Intensely cool things I learned about astronomy

I have a passing interest in astronomy, in my usual passive know-things-but-don’t-do-much-about-them way. I’ve been editing the entries on constellations on Wikipedia, during which time I’ve learned some truly cool trivia:

  • If we lived on a planet orbiting Alpha Centauri, most of the constellations would be the same, but Earth’s sun would be in the constellation Cassiopeia.

  • Alpha Centauri’s proper motion will make it and Beta Centauri into a brilliant double star four thousand years hence.

  • Beta Comae Berenices is approximately the same magnitude as our sun; its faintness gives an impression of how our sun would appear at only 27 lightyears away.

  • Barnard’s Star is in Ophiuchus; Wolf 359 is in Leo.

Wooooooooooooooowwwwwww. Anyone else care to contribute?

Umm… some stars don’t exist anymore?

And us puny humans don’t understand that size doesn’t matter. The Galaxy is on Orian’s belt.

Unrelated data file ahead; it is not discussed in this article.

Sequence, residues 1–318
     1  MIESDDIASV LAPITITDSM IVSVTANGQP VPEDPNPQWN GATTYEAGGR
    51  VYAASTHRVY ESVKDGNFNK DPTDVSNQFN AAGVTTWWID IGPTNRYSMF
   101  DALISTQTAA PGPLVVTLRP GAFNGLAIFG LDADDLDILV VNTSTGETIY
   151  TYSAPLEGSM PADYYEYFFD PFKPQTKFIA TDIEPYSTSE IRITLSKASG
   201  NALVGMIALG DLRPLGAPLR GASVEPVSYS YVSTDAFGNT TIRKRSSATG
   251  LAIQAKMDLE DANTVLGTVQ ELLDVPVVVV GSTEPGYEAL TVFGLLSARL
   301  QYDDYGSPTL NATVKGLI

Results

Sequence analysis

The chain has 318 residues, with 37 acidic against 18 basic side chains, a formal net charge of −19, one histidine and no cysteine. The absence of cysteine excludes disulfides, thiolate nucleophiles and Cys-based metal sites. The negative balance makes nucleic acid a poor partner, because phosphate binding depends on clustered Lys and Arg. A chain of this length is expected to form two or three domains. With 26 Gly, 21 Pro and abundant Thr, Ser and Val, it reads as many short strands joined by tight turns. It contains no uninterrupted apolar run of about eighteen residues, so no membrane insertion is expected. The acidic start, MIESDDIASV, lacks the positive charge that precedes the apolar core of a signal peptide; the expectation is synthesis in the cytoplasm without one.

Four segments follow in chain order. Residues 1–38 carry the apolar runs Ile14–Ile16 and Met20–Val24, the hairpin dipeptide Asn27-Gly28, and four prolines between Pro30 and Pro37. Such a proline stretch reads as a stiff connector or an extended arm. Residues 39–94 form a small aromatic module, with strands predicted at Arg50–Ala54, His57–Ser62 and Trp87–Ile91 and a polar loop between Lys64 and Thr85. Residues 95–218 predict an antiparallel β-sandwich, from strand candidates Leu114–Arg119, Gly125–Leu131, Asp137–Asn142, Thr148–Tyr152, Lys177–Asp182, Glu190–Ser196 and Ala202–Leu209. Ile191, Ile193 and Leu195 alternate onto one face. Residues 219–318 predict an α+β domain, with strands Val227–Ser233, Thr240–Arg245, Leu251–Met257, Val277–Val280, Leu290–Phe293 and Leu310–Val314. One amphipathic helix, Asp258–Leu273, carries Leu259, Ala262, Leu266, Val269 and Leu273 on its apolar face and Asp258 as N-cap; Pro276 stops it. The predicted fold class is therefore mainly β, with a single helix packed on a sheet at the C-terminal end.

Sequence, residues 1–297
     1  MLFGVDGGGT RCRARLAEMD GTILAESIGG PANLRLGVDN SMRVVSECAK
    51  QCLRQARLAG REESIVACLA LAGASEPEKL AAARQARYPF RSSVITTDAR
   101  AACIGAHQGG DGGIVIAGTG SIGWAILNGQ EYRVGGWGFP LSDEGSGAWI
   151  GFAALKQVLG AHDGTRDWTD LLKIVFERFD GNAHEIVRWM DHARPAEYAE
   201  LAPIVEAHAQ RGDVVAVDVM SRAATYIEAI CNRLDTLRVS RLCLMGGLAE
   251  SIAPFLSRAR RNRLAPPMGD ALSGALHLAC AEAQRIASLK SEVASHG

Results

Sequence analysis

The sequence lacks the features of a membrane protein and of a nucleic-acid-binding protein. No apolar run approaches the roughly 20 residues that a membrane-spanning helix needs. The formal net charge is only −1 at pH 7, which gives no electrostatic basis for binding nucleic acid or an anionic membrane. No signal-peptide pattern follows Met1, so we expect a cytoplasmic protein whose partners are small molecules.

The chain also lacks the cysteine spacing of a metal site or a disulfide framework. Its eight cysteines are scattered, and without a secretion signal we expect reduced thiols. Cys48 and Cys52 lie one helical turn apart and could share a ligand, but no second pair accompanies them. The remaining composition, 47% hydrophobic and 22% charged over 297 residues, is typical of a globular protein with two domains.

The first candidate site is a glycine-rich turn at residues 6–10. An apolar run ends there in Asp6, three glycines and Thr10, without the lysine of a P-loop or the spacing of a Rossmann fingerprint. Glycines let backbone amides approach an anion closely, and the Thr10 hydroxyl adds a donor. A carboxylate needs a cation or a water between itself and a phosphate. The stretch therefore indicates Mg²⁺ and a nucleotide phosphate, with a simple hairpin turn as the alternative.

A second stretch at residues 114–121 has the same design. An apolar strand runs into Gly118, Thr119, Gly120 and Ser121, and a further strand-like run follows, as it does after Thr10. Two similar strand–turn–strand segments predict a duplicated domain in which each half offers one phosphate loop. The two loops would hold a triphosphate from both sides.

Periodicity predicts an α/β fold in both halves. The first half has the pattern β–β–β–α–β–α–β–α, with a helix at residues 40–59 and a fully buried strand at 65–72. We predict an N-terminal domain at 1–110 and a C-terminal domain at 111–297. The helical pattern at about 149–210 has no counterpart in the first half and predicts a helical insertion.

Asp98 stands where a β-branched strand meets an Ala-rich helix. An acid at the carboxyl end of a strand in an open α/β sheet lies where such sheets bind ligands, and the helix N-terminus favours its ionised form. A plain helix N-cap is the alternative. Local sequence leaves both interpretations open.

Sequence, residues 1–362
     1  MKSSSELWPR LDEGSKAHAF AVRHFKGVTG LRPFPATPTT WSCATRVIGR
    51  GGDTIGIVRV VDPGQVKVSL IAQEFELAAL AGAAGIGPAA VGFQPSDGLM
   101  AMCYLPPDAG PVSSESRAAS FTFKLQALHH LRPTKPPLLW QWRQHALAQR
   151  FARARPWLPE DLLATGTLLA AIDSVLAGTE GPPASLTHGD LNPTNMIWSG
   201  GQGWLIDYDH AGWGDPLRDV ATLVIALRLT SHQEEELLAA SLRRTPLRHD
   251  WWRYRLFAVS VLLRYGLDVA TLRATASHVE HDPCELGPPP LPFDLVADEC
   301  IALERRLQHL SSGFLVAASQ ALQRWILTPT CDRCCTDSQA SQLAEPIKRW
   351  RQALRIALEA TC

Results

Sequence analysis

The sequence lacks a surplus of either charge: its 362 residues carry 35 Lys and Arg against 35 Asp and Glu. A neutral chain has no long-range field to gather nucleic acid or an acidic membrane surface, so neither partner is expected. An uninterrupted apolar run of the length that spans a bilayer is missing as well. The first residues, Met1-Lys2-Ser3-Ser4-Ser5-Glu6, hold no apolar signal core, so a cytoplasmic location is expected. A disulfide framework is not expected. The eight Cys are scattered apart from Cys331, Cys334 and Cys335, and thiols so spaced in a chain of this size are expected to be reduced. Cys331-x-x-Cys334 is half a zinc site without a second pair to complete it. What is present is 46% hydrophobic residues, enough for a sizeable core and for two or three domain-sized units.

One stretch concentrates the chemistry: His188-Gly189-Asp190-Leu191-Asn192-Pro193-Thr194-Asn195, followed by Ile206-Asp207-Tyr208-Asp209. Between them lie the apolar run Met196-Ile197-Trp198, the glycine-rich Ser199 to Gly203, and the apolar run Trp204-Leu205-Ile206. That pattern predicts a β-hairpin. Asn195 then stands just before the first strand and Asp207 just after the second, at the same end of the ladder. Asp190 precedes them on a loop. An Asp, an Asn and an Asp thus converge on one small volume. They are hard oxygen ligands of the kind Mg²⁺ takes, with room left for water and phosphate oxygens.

In space no one can hear you scream.

Tachyon emissions tell us all kinds of things about all kinds of stuff in space, especially enemy ships.

… Sorry - I couldn’t help it - I’m clueless when it comes to space. I just go “Ooooh those are pretty.” But that’s cool stuff to know.

“Mars needs women!”

The star Castor, in Gemini the Twins, appears to be a double star in a small telescope. Each of those two stars are actually themselves double stars in orbit of each other. Those four stars are in turn orbited by another fainter pair of stars. Castor is a sextuple star!

Albereo is another double star, at the head of Cygnus the Swan. In a telescope you can see one star is blue, and the other yellow.

In about 100,000 years, the Big Dipper will look more like a Big Frying Pan.